Just Can't GET Enough

This script outputs times tables if it receives an appropriate query string via the URL. The format for a for loop is shown here.

<title>PHP Test</title>
if (isset($_GET['times']))
   $thetables= $_GET['times'];
   echo "<ul> \n";
   for ($i=1;$i<=12;$i++)
      $result = $thetables * $i;
      echo "<li>".$i." x ".$thetables." = ".$result."</li>";
   echo "</ul>";
   echo "<h1>Choose Your Tables</h1>\n";
   echo "<a href='tables.php?times=2'>2 Times Table</a>";

Save this file as tables.php and give it a test. Then edit the else clause to use a for loop to produce hyperlinks for each of the tables from 2 to 12. A for loop in PHP is similar to other C family languages. It comes in 3 parts,

for (expression1;expression2;expression3)


To make a for loop of the kind you might have done in BASIC, the expressions are set as follows,

Expression 1 is the starting value for your stepper variable. $i=0 means use $i as a stepper variable and set its starting value to 0.

Expression 2 is the stopping point for your loop. $i<=10 means stop when $i is no longer less than equal to 10.

Expression 3 is the equivalent of STEP in BASIC. It tells your loop how to count. $i++ is the short hand for $i=$i+1. It means add 1 to $i on each iteration.

More Complex Than That

For loops are a little more interesting than the previous explanation suggests. You get that on this page because you are most likely going to be using for loops that work like that more often than not. However, the fact that the loops consist of 3 parts, each of which is an expression rather than a direct instruction to count, makes quite a difference to what can be done with a loop like this.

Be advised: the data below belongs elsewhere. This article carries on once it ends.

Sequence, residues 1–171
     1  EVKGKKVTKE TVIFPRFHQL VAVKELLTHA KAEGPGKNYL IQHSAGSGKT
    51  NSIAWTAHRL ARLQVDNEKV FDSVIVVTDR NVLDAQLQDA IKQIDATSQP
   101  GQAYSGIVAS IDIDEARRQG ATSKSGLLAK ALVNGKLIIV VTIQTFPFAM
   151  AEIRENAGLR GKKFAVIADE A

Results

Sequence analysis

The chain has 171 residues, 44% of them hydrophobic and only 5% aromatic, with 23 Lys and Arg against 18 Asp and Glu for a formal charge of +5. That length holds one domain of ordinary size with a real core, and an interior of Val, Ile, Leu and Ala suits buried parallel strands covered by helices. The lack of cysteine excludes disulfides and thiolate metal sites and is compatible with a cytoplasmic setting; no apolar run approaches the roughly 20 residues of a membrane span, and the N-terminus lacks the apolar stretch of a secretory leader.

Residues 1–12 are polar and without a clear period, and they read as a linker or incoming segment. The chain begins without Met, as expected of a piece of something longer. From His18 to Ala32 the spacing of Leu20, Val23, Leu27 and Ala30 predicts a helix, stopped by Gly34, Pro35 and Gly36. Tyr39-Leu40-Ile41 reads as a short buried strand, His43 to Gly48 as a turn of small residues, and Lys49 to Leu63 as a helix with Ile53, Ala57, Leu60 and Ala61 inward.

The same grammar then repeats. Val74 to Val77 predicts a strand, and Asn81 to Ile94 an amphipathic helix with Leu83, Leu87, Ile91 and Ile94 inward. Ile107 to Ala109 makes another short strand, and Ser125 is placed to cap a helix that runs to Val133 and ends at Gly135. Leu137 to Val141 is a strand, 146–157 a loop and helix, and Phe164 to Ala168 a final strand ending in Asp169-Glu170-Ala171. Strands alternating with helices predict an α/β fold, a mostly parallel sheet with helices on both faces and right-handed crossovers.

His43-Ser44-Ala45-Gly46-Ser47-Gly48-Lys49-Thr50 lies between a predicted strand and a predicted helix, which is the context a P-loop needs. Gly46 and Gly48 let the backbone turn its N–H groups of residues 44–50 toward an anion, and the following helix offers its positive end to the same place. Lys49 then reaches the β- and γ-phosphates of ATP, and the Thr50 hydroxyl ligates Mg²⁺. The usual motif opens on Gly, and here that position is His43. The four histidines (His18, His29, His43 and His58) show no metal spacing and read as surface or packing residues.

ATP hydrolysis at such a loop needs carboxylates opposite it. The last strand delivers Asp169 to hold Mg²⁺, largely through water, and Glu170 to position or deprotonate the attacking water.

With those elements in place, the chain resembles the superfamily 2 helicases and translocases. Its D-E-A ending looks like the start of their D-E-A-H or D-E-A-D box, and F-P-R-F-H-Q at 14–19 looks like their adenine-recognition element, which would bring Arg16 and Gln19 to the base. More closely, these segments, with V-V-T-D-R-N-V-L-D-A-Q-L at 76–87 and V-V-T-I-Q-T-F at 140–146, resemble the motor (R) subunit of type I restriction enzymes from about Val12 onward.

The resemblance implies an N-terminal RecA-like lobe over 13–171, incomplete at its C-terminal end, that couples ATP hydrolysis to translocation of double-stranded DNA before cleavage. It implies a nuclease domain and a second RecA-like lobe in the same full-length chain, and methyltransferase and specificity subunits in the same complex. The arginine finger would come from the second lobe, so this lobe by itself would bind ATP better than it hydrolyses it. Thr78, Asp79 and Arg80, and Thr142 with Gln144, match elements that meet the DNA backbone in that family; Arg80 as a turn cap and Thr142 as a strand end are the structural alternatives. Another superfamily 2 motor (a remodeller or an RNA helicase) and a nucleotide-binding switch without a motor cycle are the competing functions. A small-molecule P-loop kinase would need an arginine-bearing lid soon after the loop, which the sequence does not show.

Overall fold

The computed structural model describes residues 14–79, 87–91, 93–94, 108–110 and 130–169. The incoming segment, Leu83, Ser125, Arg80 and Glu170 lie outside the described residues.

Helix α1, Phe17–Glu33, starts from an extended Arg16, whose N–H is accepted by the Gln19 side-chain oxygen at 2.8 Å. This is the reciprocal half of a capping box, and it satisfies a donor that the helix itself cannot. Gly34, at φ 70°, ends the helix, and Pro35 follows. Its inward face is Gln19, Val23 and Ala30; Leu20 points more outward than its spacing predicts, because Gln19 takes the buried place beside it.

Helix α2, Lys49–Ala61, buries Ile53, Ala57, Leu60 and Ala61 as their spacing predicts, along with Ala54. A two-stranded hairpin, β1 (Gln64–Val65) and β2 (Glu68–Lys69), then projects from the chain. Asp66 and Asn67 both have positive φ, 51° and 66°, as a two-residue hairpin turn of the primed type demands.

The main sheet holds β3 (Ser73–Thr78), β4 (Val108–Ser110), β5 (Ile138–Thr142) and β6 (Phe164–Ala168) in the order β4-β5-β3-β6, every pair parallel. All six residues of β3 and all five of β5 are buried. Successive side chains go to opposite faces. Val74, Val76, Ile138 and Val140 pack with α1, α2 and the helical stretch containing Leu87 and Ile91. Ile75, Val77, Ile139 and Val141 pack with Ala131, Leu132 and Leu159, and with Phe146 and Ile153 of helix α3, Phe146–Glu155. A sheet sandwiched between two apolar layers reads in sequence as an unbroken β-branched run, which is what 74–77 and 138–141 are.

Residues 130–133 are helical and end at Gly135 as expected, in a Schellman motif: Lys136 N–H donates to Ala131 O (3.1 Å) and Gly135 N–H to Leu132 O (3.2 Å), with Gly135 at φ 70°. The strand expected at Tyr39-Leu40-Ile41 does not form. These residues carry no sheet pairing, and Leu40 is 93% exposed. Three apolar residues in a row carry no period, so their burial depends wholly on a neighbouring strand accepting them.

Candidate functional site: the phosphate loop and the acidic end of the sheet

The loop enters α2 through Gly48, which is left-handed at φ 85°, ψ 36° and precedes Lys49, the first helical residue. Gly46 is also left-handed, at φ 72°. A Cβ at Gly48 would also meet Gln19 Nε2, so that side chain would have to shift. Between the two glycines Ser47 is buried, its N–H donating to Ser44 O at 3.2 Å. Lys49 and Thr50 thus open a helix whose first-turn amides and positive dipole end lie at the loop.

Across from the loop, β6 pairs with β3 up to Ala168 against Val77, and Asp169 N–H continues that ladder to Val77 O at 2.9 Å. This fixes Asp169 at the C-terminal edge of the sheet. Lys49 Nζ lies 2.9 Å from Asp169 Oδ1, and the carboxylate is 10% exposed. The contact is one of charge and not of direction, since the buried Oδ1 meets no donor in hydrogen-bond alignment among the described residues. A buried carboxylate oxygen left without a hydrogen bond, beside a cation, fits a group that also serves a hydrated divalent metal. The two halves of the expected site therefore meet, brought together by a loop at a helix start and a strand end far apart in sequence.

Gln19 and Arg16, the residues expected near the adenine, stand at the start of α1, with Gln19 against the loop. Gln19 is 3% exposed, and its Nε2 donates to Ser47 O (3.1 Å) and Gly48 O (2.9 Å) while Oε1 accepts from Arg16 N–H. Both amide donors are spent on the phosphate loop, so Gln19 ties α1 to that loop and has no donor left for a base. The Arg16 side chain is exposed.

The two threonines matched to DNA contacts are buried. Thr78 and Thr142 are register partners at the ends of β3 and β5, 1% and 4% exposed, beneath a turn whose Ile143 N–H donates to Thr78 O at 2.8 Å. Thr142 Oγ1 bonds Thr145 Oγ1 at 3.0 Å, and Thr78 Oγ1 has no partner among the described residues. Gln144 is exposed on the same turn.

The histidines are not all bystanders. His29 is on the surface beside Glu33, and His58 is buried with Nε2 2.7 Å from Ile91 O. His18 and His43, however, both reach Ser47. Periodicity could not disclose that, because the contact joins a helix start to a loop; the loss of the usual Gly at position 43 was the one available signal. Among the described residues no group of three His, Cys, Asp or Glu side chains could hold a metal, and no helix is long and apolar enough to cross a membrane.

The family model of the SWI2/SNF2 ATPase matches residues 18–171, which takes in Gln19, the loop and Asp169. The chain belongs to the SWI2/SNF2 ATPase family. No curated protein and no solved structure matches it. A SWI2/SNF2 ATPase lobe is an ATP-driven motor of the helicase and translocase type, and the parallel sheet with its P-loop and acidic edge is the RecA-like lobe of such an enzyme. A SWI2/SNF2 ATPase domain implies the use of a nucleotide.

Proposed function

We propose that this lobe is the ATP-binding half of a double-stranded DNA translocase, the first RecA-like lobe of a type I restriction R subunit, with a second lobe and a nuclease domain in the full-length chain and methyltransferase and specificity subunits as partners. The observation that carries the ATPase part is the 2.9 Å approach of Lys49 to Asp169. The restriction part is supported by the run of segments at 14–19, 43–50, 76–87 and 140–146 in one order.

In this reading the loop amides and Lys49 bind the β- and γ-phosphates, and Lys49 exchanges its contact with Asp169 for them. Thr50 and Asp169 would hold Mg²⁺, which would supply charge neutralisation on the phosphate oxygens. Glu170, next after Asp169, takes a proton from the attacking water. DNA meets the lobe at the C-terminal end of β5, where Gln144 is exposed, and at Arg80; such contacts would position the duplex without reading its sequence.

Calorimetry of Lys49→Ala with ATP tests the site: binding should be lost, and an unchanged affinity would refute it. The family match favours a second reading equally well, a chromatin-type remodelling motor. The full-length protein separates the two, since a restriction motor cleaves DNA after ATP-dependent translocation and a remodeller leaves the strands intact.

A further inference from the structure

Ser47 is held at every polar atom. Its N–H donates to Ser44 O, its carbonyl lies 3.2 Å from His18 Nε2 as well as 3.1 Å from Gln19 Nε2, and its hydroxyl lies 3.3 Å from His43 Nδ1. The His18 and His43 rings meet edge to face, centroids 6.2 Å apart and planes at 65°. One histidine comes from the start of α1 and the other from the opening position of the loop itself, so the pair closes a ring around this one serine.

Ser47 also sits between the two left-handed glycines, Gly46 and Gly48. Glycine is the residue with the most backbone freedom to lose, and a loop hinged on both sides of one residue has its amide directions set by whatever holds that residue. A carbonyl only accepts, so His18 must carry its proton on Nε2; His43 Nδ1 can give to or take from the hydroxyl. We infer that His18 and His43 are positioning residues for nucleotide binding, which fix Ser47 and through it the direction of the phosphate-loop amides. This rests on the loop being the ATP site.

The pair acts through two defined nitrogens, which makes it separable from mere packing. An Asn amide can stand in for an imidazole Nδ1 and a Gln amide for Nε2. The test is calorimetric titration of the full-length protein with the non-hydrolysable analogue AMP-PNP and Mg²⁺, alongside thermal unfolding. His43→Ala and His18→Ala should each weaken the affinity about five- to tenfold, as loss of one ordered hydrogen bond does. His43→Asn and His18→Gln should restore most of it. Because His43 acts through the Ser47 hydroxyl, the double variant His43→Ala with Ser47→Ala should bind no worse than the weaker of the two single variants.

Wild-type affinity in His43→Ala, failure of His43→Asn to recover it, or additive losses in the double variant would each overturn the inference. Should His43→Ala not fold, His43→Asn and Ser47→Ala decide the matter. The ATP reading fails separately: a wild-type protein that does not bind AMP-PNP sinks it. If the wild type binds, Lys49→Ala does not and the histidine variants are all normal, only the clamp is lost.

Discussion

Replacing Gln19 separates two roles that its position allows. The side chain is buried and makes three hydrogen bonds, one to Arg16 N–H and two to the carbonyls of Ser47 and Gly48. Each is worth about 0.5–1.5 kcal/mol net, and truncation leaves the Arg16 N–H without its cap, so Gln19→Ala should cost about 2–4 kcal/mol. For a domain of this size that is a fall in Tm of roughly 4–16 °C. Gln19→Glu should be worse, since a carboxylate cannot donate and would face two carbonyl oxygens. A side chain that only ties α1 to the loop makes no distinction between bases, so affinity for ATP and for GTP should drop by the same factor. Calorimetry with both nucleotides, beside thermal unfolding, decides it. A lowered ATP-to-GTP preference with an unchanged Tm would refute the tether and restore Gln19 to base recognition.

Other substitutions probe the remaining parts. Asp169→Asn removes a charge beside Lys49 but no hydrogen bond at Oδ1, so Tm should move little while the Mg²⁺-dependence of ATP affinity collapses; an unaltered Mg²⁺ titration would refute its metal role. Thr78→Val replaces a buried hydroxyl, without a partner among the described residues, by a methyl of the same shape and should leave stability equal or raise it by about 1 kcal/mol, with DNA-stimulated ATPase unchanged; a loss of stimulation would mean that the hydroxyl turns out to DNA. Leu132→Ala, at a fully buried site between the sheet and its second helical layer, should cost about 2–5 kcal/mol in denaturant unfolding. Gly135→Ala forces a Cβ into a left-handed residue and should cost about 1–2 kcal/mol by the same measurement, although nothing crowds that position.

In reality, it is more accurate to say that Expression 1 is evaluated once, at the beginning of the loop. This is an unconditional evaluation, it happens no matter what else is going on in the loop.

Expression 2 is evaluated at the start of each iteration. If it evaluates to true, the loop proceeds and the statements that are nested in the curly braces are executed. If it evaluates to false, the loop stops.

Expression 3 is evaluated at the end of each iteration.

Even more interesting is that it is possible to have multiple expressions in each part. You separate each expression with a comma. For the second expression, if you use multiple expressions, they are all evaluated. The outcome of the last expression is the only one that is used to decide whether or not to proceed with the loop.

It's also possible to leave out some of the expressions. You might miss out the first expression if all of the important variables had previously been assigned values. You could leave out the second expression if you intend the loop to end with a break; statement. PHP assumes a value of true if the second expression is blank. Clearly the third expression could be left out if the condition that ends the loop can be met through the statements nested in the loop.

The following code works nicely,

$i = 1;
for (; ; )
   if ($i > 10)
   echo $i;

Clearly, the humble for loop takes on a new life in the C family languages. It's hard not to respect anyone who wants to explore the different ways you can exploit the features of these loops. Don't feel guilty if your inner geek takes over and has you working out weird and wonderful ways to use loops or comparing the performance you get from different approaches to the producing the same output.

Last Point About For

The format of the for loop allows for an easy way to produce alphabetic sequences.

for ($letter='A';$letter!='AA';$letter++)
   echo $letter;
for ($letter='a';$letter!='aa';$letter++)
   echo $letter;

Notice that $letter++ increases the letter by 1 and then starts doubling up letters at the end of the alphabet. The stopping condition uses the not equal to operator. You can explore the impact of incrementing the variable like this before you go and create an infinite loop. Assign the variable before a loop which uses a different stepper variable and iterates say, 200 times. Put the increment statement inside the loop and echo the letter variable each time.

A couple of simple ways to play about with this might be to find the neatest way to output lower case then upper case (ab...zAB...Z), or alternate lower and upper case (aAbBcC...zZ).